How markets work

A long time back, there was this picture that was making the rounds on Twitter and (more prominently) LinkedIn. It featured three boys of varying heights trying to look over a fence to see a ball game.

Here is what it looked like:


These pictures were used to illustrate that equality of outcomes is not the equality of opportunity, or some such things, and to make a case for “justice”.

As it must be very clear, the allocation of blocks on the right is more efficient than the allocation of the blocks on the left – the tallest guy simply doesn’t need any blocks, while the shortest guy needs two.

And if you think about it, you don’t need any top-down “justice” to allocate the blocks in the right manner. All it takes is a bit of logical thinking and markets – and not even efficiently.

Think about how this scenario might play out at the ball park. The three boys go to see the ball game, and see three blocks at the fence. Each of them climbs a block, and we get the situation on the left.

Shortest boy realises he can’t see and starts crying. There are many ways in which this story can play out from here onward:

  1. Tallest boy realises that he doesn’t really need that extra block, and steps down and gives it to the shortest guy, giving the picture on the right.
  2. Tallest boy continues to stand on his block. Shortest boy realises that the tallest boy doesn’t need it, and requests him for the block. Assuming tallest boy likes him, he will give him the block.
  3. Tallest boy continues on the block. Shortest boy requests for it, but tallest boy refuses saying “this is my block why should I give it to you?”. Shortest boy negotiates. Tells tallest boy he’ll give him a chocolate or some such in return for the block. And gets the block.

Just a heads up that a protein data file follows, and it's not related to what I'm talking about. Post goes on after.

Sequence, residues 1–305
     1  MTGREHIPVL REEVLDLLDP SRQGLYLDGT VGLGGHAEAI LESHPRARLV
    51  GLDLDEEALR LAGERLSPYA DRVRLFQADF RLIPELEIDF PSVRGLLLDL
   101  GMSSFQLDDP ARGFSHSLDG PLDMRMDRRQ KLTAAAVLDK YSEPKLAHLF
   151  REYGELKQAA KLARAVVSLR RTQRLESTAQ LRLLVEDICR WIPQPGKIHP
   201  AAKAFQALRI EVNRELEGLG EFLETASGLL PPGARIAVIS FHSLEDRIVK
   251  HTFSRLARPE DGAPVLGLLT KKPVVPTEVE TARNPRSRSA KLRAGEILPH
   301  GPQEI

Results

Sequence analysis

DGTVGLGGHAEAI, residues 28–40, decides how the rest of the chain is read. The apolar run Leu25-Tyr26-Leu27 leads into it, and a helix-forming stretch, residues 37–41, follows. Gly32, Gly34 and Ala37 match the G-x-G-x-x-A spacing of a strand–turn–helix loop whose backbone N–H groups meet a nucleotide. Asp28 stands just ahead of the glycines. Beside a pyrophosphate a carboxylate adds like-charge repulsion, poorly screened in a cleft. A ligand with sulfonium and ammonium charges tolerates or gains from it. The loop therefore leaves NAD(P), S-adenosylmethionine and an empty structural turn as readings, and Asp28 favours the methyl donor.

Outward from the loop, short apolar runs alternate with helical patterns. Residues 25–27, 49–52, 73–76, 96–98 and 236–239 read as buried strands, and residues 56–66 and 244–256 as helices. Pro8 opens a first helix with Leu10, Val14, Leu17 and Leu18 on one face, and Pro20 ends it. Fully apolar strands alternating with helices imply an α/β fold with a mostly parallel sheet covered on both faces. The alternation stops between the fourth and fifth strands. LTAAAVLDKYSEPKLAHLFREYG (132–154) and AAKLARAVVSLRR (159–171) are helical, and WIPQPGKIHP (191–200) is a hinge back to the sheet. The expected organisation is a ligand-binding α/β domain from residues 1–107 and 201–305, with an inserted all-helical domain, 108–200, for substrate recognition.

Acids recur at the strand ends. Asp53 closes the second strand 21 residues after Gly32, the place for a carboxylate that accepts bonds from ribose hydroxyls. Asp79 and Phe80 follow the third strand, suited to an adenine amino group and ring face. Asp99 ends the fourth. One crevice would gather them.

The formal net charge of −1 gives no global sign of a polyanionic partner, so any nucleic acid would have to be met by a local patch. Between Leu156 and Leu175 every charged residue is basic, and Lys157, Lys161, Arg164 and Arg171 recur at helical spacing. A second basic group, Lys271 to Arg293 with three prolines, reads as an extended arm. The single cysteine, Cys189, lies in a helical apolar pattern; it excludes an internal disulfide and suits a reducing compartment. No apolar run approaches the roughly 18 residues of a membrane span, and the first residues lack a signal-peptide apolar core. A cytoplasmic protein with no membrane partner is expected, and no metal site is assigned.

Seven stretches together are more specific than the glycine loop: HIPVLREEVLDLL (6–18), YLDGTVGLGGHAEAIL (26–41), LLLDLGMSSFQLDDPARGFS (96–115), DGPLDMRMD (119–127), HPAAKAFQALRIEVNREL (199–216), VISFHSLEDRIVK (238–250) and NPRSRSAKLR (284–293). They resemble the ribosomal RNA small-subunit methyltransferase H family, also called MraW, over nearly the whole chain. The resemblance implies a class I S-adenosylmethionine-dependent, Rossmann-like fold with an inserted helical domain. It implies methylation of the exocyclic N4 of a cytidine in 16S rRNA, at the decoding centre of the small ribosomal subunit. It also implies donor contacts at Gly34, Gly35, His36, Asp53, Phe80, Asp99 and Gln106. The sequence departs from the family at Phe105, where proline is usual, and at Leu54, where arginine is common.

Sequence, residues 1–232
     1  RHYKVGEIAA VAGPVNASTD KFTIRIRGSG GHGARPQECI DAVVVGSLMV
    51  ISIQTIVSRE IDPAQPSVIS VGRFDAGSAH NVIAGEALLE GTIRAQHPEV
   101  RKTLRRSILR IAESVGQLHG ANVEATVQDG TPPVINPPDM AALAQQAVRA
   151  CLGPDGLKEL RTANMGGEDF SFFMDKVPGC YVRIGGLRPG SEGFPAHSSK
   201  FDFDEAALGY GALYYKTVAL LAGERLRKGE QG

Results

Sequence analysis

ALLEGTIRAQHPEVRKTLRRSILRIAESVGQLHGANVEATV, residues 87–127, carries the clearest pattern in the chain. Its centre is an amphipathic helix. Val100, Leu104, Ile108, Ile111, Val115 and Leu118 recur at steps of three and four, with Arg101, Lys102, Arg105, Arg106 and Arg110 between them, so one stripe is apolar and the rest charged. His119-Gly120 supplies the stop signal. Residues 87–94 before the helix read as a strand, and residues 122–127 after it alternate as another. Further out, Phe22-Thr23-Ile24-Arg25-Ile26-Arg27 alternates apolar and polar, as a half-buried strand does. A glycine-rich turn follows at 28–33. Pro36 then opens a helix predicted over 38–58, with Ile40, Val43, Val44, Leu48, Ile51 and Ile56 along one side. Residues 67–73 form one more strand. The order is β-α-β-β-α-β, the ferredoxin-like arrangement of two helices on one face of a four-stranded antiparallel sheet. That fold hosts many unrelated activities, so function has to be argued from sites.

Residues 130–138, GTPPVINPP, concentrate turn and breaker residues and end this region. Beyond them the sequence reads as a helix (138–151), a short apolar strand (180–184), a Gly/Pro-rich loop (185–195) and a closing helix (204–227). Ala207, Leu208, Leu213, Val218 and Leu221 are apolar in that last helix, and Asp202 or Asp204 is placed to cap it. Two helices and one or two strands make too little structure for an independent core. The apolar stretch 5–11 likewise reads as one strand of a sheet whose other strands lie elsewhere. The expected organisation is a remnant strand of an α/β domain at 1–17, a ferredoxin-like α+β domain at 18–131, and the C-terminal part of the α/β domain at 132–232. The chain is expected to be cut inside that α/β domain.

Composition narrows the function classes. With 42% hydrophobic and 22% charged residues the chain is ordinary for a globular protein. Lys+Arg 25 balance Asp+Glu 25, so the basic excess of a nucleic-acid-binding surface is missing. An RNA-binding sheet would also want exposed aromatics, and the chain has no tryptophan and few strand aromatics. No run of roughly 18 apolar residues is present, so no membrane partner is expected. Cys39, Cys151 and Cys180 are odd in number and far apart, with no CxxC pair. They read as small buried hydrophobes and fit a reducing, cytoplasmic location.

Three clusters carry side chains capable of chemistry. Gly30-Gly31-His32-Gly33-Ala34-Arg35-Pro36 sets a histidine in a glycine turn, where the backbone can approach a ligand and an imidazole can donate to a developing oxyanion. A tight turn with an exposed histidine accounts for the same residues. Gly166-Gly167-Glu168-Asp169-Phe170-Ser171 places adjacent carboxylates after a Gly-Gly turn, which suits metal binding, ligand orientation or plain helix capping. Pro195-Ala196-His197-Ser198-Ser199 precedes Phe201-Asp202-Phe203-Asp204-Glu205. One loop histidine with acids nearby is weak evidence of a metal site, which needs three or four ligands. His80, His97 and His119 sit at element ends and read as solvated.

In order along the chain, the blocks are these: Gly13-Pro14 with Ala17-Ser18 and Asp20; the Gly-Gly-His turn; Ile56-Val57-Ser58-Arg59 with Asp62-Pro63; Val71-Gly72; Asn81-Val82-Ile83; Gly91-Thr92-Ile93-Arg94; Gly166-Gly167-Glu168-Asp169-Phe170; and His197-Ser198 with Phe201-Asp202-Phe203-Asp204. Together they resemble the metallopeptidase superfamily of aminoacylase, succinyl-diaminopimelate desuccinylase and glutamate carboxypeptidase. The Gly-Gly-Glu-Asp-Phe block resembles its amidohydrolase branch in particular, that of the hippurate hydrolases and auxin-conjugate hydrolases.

4. Tallest boy doesn’t want chocolate or anything else the shortest boy offers. In fact he might want to settle a score with the shortest boy and refuses to give the block. In this case, the shortest boy realises there is no point being there and not watching the ball game, and makes an exit. In some cases, the middle boy might negotiate with the tallest boy on his behalf, leading to the transfer of the block. In other situations, the shortest boy simply goes away.

Notice that in none of these situations (all of them reasonably “spontaneous”) does the picture on the left happen. In other words, it’s simply unrealistic. And you don’t need any top down notion of “justice” to enable the blocks to be distributed in a “fair” manner.

USD/INR Volatility

The stated objective of the Reserve Bank of India when it comes to foreign exchange rates is that they want to maintain a “stable” exchange rate, and will step in only to curb volatility. There is no stated level at which the bank seeks to hold the rupee, and so it will intervene only when the rupee is volatile.

In this post, we will look at how the volatility in the USD/INR exchange rate has varied over the last seven years. For purpose of this analysis, we will use a 30-day Quadratic Variation as a measure of volatility (this is a lagging indicator, so the volatility number for today is the QV of the last 30 days).

The following graph shows both the level of USD/INR (black line, left axis) and the quadratic variation (red line, right axis).

Source: Volatility calculated as 30-day Quadratic variation
Volatility calculated as 30-day Quadratic variation


Notice that for most time periods, irrespective of the exchange rate, the RBI’s stated objectives have been met – the volatility in the exchange rate has been low for large period of time. Volatility of the exchange rate spiked once following the financial meltdown of late 2008 and again towards the end of 2011 (when Europe got into trouble).

It is interesting to note that for all the footage that the sliding rupee has received in the last month or so, the volatility of the rupee has been quite low (compared to the peaks). It will probably take a significantly higher volatility in the rate for the RBI to step in.

It is also interesting to note that in the second half of 2010, even though the rate level was fairly stable, volatility was significant!